Career Pathways in Green Energy
Career exploration tool helps job seekers, employment counselors
By Lesia Winiarskyj
According to a report released in October 2012 by the Economic Policy Institute, renewable energy and other green industries are growing faster than the rest of the economy. And jobs in those fields are available to workers across a broad educational spectrum.
But exactly what: and where: are those jobs?
An Emerging Industry
“As with any emerging industry,” says Judy Resnick, executive director of CBIA’s Education Foundation, “there are questions about the kinds of opportunities that exist. What types of training and credentials lead to employment and advancement in green energy? What is the earning potential? What are the opportunities for professional growth?”
In collaboration with the Council for Adult and Experiential Learning (CAEL), CBIA’s Education Foundation has been working to answer those questions.
With funding from a U.S. Department of Labor State Energy Sector Partnership Grant awarded to the Connecticut Department of Labor, CBIA and CAEL have identified over 100 green energy occupations in Connecticut: and the foundational and transitional skills, education, industry credentials, and experience needed to access those jobs.
The result is a comprehensive career exploration tool organized into four sectors:
- Career Pathways to Connecticut’s Alternative Energy Jobs
- Career Pathways to Connecticut’s Renewable Energy Jobs
- Career Pathways to Connecticut’s Residential Energy Efficiency Jobs
- Career Pathways to Connecticut’s Commercial Energy Efficiency Jobs
A Clear Roadmap
In each sector, occupations are organized into three types: trades and technical, audit and assessment, and sales. Within these categories, occupations are further classified by the level of education, experience, and, where applicable, industry certification required.
“This format gives job seekers a clear roadmap,” says Resnick. “It illustrates potential career progression within various job types, and it shows how skills can transfer from one sector to another.” This is important in emerging industries such as green energy, she says, because new fields: and the specific occupations and credentials that are most in demand: are developing and evolving.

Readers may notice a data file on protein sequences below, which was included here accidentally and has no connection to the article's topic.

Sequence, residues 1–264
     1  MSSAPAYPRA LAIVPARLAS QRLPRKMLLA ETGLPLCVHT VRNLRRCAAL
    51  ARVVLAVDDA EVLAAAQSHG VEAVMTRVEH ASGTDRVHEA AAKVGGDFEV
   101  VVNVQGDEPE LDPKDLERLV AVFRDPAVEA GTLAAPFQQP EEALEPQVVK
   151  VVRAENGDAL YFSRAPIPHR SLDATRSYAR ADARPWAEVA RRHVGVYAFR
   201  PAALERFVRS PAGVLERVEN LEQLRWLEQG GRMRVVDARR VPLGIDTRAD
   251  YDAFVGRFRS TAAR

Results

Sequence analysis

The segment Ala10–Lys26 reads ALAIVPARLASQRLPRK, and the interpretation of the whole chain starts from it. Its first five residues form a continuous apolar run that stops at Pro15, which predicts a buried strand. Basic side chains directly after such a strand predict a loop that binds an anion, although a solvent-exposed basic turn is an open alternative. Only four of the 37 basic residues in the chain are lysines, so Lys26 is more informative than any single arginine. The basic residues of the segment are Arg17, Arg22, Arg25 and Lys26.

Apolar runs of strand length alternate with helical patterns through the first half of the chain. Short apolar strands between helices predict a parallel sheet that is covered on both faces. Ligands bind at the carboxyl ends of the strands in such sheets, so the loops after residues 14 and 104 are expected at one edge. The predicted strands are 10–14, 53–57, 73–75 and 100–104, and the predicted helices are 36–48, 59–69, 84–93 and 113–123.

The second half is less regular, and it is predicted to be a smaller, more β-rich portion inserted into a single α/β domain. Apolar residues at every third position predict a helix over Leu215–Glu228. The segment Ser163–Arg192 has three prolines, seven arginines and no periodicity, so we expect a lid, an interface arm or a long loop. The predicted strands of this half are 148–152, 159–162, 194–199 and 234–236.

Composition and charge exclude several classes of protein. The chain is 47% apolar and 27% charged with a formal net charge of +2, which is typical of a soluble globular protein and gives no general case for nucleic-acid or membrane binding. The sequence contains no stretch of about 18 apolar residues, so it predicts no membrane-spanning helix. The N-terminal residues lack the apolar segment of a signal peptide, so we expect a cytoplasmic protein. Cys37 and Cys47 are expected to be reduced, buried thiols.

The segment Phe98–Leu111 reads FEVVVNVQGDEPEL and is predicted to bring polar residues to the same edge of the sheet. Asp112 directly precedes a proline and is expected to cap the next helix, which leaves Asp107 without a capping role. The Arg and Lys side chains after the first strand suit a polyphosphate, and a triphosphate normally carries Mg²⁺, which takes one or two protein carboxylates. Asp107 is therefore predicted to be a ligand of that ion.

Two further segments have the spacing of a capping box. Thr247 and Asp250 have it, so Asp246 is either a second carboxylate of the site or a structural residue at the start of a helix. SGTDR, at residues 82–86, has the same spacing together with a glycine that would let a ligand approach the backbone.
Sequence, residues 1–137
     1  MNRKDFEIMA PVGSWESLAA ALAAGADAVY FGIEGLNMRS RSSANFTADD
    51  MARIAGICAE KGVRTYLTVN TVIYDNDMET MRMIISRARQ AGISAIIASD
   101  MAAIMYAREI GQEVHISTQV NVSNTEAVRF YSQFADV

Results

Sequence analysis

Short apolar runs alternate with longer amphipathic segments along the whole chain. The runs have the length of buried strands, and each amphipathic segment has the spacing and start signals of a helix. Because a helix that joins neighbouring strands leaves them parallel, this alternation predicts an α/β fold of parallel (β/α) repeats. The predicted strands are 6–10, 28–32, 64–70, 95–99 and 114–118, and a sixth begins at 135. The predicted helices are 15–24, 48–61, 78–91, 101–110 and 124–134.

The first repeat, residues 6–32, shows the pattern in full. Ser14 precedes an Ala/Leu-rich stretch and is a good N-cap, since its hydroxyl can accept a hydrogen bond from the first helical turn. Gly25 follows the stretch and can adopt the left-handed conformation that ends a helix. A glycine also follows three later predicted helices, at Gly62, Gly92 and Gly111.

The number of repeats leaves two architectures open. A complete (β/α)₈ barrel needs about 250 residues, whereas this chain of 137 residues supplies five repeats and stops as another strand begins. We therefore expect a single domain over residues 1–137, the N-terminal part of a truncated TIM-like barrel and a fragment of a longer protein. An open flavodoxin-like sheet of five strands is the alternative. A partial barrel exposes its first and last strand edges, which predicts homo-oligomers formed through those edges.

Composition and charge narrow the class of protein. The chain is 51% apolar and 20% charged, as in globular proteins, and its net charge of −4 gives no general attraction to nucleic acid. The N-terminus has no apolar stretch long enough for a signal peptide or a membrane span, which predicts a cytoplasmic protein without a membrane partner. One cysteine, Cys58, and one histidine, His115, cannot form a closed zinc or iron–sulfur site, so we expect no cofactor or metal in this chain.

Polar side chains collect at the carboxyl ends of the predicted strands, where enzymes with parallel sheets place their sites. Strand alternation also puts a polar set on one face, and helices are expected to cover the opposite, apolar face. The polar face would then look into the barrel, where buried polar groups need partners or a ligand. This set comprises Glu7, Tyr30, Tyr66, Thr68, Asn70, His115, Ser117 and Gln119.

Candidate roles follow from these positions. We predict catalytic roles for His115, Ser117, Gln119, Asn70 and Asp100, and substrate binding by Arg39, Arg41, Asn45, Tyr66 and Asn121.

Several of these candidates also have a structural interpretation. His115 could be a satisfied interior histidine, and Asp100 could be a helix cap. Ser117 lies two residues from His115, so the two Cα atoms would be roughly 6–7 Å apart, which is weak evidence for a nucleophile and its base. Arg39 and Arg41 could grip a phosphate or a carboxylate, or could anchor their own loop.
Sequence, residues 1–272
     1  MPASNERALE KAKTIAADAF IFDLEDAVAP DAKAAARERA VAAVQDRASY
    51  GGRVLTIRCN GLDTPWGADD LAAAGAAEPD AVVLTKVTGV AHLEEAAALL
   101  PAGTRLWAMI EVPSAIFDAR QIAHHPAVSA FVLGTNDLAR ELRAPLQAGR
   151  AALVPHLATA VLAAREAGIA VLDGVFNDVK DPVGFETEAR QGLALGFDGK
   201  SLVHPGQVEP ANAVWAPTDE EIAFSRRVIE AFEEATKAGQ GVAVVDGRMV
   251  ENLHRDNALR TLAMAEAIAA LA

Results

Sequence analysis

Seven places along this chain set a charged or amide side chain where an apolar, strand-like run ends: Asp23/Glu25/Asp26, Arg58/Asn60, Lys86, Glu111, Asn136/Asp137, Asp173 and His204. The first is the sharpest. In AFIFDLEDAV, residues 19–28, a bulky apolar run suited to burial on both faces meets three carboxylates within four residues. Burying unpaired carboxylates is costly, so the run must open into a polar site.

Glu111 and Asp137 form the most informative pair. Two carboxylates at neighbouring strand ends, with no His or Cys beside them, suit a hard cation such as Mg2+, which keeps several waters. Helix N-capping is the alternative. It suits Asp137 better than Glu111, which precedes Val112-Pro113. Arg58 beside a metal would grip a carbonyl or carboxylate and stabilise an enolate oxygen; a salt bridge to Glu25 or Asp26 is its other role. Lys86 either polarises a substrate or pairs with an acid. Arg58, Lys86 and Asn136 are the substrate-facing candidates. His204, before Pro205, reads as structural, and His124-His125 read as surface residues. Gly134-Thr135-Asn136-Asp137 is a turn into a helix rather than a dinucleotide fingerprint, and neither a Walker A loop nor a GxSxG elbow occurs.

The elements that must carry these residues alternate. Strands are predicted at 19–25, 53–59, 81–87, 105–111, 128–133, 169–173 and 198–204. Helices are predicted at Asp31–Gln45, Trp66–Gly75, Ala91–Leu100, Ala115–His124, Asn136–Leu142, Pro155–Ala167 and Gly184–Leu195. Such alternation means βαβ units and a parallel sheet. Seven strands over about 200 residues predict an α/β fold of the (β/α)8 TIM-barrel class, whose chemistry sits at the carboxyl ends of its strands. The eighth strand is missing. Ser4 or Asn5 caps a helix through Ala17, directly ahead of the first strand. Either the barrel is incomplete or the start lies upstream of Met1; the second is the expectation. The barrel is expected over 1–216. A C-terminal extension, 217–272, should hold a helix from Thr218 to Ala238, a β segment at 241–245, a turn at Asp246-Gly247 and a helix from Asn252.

New Strategy, New Jobs
In February, Gov. Malloy unveiled the state’s Comprehensive Energy Strategy, a plan that promises to spur even greater growth in the green energy economy.
Among other things, the plan expands Connecticut’s commitment to energy efficiency through programs reaching all sectors and all buildings: government, municipalities, universities, colleges, schools, hospitals, places of worship, commercial and industrial facilities, and residences: with a special focus on small businesses and low-income communities. It also goes beyond a traditional focus on upgraded lighting and weather stripping to deliver deeper efficiency gains in heating, air conditioning, ventilation, insulation, windows, furnaces, boilers, and appliances, as well as process efficiencies in manufacturing.
Innovative financing mechanisms through the Clean Energy Finance and Investment Authority (Connecticut’s Green Bank), together with standardized energy efficiency performance contracts and zero- and low-emissions renewable energy credits, are also expected to induce private-sector investment in the industry and help businesses with long-term planning. In addition, Connecticut’s Renewable Portfolio Standard, which calls for a significant increase in the use of Class I renewables by 2020, will expand the need for renewable/alternative energy solutions. (Class I renewables include solar power, wind power, fuel cells, and other energy sources).
“All of these changes translate into expanding workforce demands in the energy sector,” says Resnick. “Career Pathways in Green Energy Industries helps Connecticut jobseekers better understand the new energy landscape and their potential place in it.”
Lesia Winiarskyj is a writer and editor at CBIA. She can be reached at email@example.com.
Green Energy Industries is a project of the Connecticut Energy Workforce Development Consortium, made possible with support and funding from the Workforce Solutions Collaborative of Metro Hartford and the U.S. Department of Labor’s State Energy Sector Partnership Grant awarded to the Connecticut Department of Labor.
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